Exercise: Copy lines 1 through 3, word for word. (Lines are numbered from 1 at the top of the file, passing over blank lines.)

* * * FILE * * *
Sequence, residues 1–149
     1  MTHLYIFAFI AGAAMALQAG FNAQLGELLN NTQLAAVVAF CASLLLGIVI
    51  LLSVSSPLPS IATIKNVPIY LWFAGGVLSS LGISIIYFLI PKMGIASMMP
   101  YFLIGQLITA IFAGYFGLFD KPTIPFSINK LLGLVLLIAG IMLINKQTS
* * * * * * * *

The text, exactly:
Sequence, residues 1–149
     1  MTHLYIFAFI AGAAMALQAG FNAQLGELLN NTQLAAVVAF CASLLLGIVI
    51  LLSVSSPLPS IATIKNVPIY LWFAGGVLSS LGISIIYFLI PKMGIASMMP